The reading at Lauds this morning was from Sirach 8. You’ll recall that the Book of Sirach is also called the Liber Ecclesiasticus (that is, the “church book”) because of its wide use in catechetics and in the sacred Liturgy. There is nothing in Sirach that is not applicable to us today! Monks, nuns, priests and laity who do the Office of Readings will read the entire book in the course of 2-3 weeks. As a point of comparison, Sirach is one of those books that Protestants do not include in their version of the Bible; Catholics consider Sirach to be both inspired and canonical and worthy of prayer and meditation.
In general one may say that the author Sirach is concerned with interfacing of all parts of our lives: family, friendship, economy, politics, worship, good public order, etc. The Catholic term here would be communio, while the Protestants are inclined to use the concept of fellowship, but to be fair at today’s writing, Catholics use the word “fellowship” in the Liturgy and that is mistaken. For the Catholic, communio is not merely the horizontal relationship with sisters and brothers –mere humanitarianism– but first communion (relationship) with the Blessed Trinity and then communion with sister and brother. Communion with the Trinity and with neighbor leads to one’s greater freedom (think of Msgr Giussani’s work in Communion & Liberation movement). To take this idea one step further, there is no hard separation between communion with the Trinity and neighbor. Catholics hold fast to the both/and of reality: we are to live in communion with the Trinity, basing our life analogously on the inner life of the Trinity and serving our sister and brother. Saint Benedict in his Rule shows us this is the way to God. What struck me today was the question: To whom do we go for counsel? How do I live in a more perfect freedom with the Trinity and my neighbor? In what ways do I serve the Lord well? How have I looked with tenderness on my humanity, and that of others?
Certainly, I have not always been served well by the advice offered by those placed over me. Superiors, whether secular or religious, have not always been too attuned to the Divine Will through prayer, fasting and lectio that their own issues have been the source of counsel rather than the Will of God; I am amazed that I’ve survived as well as I have. In profound ways, I have to say, the people I was told to have confidence in turned out be frauds when it came to working with one’s humanity, discernment of Spirits, the spiritual life, interpersonal relationships, ecclesial politics, etc. After praying on what Sirach has to say today, I wonder if we as members of the Body of Christ have paid too little attention to the Wisdom literature of the Bible.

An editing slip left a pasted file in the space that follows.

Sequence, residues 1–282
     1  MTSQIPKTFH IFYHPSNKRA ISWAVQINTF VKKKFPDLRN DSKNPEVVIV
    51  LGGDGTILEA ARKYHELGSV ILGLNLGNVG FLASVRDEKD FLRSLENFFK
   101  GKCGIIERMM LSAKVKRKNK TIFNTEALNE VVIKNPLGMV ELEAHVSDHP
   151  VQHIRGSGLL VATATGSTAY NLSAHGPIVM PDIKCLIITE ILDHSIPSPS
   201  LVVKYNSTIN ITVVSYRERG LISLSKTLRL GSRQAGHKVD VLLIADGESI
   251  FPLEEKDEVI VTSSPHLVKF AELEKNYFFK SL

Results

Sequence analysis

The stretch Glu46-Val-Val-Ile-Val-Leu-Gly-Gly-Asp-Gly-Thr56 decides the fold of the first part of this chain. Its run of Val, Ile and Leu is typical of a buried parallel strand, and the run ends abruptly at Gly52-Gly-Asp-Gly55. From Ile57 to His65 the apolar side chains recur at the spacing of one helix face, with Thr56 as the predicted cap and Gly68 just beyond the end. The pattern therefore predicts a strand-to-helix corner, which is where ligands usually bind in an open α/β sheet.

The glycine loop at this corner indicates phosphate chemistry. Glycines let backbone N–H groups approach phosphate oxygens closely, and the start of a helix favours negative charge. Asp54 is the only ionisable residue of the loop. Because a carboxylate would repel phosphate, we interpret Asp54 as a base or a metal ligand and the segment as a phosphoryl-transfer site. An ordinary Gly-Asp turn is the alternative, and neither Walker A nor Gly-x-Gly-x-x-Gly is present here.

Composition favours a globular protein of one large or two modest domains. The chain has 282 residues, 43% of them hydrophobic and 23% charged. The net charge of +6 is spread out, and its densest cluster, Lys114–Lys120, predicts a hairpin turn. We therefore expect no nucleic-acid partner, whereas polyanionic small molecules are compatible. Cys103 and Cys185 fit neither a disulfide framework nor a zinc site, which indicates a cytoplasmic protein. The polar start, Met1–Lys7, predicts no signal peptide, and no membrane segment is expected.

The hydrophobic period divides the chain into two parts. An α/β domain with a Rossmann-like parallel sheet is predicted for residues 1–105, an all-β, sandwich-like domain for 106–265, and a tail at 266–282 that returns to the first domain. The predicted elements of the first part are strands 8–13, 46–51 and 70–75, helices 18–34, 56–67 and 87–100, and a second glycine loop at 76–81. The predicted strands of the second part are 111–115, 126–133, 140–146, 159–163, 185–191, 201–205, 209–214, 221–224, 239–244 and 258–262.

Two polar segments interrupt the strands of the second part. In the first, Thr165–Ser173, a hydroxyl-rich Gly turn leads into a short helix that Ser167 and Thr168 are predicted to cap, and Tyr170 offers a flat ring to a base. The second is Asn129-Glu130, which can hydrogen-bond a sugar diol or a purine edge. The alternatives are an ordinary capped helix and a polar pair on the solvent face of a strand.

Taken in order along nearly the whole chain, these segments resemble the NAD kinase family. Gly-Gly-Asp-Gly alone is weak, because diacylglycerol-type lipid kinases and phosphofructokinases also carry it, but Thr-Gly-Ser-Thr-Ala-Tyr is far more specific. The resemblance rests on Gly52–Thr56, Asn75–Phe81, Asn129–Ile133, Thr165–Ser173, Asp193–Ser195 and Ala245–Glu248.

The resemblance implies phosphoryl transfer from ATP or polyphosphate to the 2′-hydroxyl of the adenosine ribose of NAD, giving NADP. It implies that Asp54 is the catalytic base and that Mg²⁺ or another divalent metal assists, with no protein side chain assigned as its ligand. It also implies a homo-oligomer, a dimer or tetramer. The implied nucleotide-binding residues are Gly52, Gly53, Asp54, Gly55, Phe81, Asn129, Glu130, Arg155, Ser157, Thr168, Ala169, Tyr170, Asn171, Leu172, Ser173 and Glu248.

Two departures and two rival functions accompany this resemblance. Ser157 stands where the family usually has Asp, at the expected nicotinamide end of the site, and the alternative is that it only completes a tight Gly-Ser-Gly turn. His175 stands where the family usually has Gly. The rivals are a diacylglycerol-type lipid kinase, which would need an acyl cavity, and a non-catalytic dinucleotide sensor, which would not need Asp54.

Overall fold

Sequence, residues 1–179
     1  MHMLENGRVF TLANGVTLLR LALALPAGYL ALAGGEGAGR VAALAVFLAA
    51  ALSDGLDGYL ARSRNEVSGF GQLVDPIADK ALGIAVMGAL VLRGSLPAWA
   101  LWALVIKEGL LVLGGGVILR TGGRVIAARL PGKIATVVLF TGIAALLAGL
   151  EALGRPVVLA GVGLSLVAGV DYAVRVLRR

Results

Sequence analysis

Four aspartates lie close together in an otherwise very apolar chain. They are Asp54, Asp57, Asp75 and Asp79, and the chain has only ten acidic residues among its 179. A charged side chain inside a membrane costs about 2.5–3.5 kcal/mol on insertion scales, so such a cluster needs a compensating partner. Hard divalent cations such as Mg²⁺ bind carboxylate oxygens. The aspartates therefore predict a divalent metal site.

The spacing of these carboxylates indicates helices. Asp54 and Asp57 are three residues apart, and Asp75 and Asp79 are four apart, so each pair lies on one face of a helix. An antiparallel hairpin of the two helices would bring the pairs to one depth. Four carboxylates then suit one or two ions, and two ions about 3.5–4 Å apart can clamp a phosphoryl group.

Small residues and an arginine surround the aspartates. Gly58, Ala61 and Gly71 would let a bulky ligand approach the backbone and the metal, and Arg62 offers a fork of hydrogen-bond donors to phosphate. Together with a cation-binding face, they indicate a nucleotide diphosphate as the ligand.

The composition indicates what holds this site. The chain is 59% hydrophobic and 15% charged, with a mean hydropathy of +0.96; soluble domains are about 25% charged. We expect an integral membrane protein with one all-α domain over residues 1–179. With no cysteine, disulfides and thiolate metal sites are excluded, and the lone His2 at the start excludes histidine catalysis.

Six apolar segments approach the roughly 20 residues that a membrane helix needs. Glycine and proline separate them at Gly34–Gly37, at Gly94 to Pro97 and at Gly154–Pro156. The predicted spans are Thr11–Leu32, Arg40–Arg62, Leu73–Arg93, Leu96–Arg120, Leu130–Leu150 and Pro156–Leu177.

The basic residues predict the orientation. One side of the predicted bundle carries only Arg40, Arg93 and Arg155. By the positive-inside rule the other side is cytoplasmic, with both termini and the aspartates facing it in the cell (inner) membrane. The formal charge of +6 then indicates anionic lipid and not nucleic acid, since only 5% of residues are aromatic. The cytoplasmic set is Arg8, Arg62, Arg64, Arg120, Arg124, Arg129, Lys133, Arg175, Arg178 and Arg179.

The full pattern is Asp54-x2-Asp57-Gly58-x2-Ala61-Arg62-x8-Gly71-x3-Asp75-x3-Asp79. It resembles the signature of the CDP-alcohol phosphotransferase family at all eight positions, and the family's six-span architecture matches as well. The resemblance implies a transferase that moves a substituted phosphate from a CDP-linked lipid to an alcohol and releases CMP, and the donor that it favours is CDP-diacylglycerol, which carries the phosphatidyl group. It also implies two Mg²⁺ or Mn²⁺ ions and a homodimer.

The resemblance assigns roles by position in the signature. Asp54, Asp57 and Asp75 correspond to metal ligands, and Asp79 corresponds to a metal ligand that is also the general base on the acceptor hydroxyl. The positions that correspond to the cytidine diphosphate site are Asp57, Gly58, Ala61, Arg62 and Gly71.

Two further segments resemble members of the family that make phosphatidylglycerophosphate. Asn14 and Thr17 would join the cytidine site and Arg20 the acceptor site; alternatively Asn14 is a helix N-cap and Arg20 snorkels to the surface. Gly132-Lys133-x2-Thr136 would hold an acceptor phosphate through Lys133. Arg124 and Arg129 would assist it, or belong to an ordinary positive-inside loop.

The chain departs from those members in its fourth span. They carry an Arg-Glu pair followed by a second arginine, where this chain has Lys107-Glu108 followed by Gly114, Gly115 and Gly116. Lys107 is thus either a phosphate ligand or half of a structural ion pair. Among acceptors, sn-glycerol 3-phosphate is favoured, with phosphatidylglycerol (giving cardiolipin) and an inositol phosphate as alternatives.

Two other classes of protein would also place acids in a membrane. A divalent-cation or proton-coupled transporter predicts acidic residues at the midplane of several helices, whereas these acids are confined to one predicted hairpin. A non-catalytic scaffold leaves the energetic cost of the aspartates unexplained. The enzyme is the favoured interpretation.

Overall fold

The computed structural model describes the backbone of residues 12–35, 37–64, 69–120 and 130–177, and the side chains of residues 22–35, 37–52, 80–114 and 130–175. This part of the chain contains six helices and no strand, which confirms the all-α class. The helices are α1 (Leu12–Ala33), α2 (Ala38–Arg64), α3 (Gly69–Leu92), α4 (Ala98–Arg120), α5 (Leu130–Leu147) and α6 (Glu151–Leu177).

Jesus, son of Eleazar, son of Sirach writes:
Contend not with an influential man, lest you fall into his power. Quarrel not with a rich man, lest he pay out the price of your downfall; For gold has dazzled many, and perverts the character of princes. Dispute not with a man of railing speech, heap no wood upon his fire. Be not too familiar with an unruly man, lest he speak ill of your forebears. Shame not a repentant sinner; remember, we all are guilty. Insult no man when he is old, for some of us, too, will grow old. Rejoice not when a man dies; remember, we are all to die. Spurn not the discourse of the wise, but acquaint yourself with their proverbs; From them you will acquire the training to serve in the presence of princes. Reject not the tradition of old men which they have learned from their fathers; From it you will obtain the knowledge how to answer in time of need. Kindle not the coals of a sinner, lest you be consumed in his flaming fire. Let not the impious man intimidate you; it will set him in ambush against you. Lend not to one more powerful than yourself; and whatever you lend, count it as lost. Go not surety beyond your means; think any pledge a debt you must pay. Contend not at law with a judge, for he will settle it according to his whim. Travel not with a ruthless man, lest he weigh you down with calamity; For he will go his own way straight, and through his folly you will perish with him. Provoke no quarrel with a quick-tempered man, nor ride with him through the desert, For bloodshed is nothing to him; when there is no one to help you, he will destroy you. Take no counsel with a fool, for he can keep nothing to himself. Before a stranger do nothing that should be kept secret, for you know not what it will engender. Open your heart to no man, and banish not your happiness (Sirach 8).